A Step By Step Guide For Perineal Massage

Expecting a baby? Here is a step by step guide for perineal massage.

But first, what are the benefits?

Over the past few years, perineal massage has become more accepted in the birthing community, due to more and more research being released on the topic.

-It’s an easy technique and is supported by substantial research.

-By practicing perineal massage, you can reduce the risk of perineal trauma and improve perineal recovery. (As pelvic floor physiotherapists, we’re all for this!)

Why do we do it?

The goal of perineal massage is to increase tissue elasticity (stretch) in order to reduce tearing during vaginal birth. We know that the rates of perineal tearing among first time moms in Canada is very high. About 80% of first time Mom’s experience some form of perineal tearing.

What does the research say?

A 2013 review by Beckman & Stock (2013) concluded that digital perineal massage reduces the likelihood of perineal trauma (mainly episiotomies) and ongoing perineal pain postpartum and is generally well accepted by women. As such, women should be made aware of the likely benefit of perineal massage and provided with information on how to massage.

But you’re probably asking yourself….

How do I even start?

How do I do it?

How often should I do it?

Working in women’s health physiotherapy we realize that many expecting moms are not told about this valuable and important technique and every day we see their confused faces when we mention perineal massage- so here it is!

So How do I do it? Here is your step by step guide to perineal massage. 

  1. Get comfortable. Lay in a semi-reclined position in your bed with your knees bent. Make sure you relax! Being as relaxed as possible is essential.
  2. Use clean hands, with trimmed, short fingernails and a good water-based or silicone-based lubricantClick the links to check out some of our faves.
  3. Picture your vaginal opening being a clock face. The bottom of the vagina is 6 o’clock and the top is 12 o’clock.
  4. Using your pointer finger or thumb (most patients prefer their thumb) take a nice deep breath, relax and insert the tip of your finger/thumb in the vaginal opening to the first knuckle.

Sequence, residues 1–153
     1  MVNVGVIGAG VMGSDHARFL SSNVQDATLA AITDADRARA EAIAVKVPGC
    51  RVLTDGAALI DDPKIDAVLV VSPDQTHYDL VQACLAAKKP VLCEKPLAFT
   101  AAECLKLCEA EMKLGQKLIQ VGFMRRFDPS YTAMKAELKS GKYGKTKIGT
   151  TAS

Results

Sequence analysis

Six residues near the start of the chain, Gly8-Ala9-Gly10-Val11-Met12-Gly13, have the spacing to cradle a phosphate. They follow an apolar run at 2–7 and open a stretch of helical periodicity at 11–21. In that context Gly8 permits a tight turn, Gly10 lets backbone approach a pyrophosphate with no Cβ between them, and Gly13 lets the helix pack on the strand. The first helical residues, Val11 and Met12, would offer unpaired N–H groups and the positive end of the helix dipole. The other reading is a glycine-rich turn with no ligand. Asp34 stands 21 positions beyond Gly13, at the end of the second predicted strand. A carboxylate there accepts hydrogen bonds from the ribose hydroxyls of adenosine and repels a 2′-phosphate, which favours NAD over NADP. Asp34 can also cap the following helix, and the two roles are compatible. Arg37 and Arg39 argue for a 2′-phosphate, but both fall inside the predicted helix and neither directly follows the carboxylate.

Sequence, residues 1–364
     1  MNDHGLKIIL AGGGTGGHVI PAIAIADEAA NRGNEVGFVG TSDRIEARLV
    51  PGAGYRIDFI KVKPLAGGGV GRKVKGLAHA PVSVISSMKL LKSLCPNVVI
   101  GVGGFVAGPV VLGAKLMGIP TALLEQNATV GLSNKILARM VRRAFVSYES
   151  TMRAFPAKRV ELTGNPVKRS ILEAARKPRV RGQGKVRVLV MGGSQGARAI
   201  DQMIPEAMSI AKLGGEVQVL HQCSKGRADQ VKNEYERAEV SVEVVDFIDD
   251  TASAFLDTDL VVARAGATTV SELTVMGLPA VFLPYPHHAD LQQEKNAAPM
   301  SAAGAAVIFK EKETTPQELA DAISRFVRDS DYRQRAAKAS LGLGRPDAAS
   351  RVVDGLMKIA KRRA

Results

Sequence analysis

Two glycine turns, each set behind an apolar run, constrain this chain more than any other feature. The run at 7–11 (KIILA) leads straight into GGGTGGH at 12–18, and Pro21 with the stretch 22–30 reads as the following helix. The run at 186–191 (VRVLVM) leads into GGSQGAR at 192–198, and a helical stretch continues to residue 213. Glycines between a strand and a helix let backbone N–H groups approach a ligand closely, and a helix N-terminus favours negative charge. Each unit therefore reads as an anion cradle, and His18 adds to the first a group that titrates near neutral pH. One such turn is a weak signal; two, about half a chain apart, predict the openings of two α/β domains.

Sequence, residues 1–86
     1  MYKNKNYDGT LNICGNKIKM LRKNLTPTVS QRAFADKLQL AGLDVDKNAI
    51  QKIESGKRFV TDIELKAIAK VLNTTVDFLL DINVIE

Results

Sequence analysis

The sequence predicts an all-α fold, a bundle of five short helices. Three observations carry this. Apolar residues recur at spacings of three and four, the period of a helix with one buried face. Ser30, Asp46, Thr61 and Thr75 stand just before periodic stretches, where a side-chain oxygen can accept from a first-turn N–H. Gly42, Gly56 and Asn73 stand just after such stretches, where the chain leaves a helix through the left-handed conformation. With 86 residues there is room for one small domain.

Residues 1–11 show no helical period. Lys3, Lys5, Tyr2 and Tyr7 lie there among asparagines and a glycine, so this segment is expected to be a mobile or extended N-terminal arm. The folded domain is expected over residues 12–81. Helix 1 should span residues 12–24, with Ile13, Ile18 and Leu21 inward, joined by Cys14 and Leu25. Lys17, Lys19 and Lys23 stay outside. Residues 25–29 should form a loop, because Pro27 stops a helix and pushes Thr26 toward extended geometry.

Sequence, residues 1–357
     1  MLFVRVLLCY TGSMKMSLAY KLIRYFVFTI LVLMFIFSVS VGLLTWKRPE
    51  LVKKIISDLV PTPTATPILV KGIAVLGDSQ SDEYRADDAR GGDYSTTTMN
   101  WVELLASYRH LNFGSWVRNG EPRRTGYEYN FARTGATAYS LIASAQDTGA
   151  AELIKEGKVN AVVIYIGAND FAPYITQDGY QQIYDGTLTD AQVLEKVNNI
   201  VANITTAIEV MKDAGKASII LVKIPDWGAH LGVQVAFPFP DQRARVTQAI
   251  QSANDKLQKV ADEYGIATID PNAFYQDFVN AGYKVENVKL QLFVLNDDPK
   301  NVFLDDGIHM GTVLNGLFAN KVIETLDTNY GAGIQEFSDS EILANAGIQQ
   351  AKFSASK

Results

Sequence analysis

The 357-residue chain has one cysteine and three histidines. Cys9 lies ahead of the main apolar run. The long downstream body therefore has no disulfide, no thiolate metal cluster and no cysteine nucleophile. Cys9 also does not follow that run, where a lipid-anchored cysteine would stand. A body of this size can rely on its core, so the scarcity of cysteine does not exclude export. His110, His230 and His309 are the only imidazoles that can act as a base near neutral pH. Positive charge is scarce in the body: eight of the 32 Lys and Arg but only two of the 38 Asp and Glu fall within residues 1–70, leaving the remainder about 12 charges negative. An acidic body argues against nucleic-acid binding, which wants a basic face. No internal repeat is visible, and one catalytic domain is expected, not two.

5. Starting at 6 o’clock take a nice big breath and as you relax apply a stretch downward toward the number 6.
  6. The stretch should be strong, stingy maybe, and slightly uncomfortable but not painful. We want to ensure we are actually stretching the pelvic floor and perineum.
  7. Hold for ~ 30 seconds.
  8. Move to number to 7 on your clock face. Repeat the stretch at each number of the clockface until you’ve worked your way around.
  9. As you move up to around 9 o’clock it is sometimes easier to switch to your finger v.s. the thumb
  10. Start with 3 minutes and work up to 5 minutes. Practice 3-5x/a week.
  11. As you practice this it should get noticeably easier to do the stretching.
  12. As it gets easier, increase your pressure, or add stretch in two directions using both thumbs/finger.

As always, although we are physiotherapists, we are not YOUR physiotherapist. Perineal massage is not advised in some cases. Make sure you check with your physician or healthcare provider before starting at around 30 weeks.

There you have it! Your DIY playbook for perineal massage.

Hope this helps!

Katie Kelly, PT & Eryn Matheson, PT

Before you go, make sure you click here so you can get instant access to our Pregnancy, Core and Pelvic Floor FREE masterclass! In this free 60 minute masterclass, presented by Eryn Matheson, PT, you’ll get the advice you actually need to have a strong and confident pregnancy, birth and postpartum period.

And below are the many other resources we have available to help you during both pregnancy and postpartum. 

Join Reconnect+ here for on-demand education and fitness that drive real results – with your core & pelvic floor in mind. Get 7 days FREE!

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Local to New Brunswick? Book your in-person (Moncton and Fredericton NB) or virtual appointments:

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Reference. Beckmann, M. & Stock, O. Antenatal perineal massage for reducing perineal trauma. Cochrane Database Syst Rev. 2013; (4): CD005123. Published online 2013 Apr 30. doi: 10.1002/14651858.CD005123.pub3


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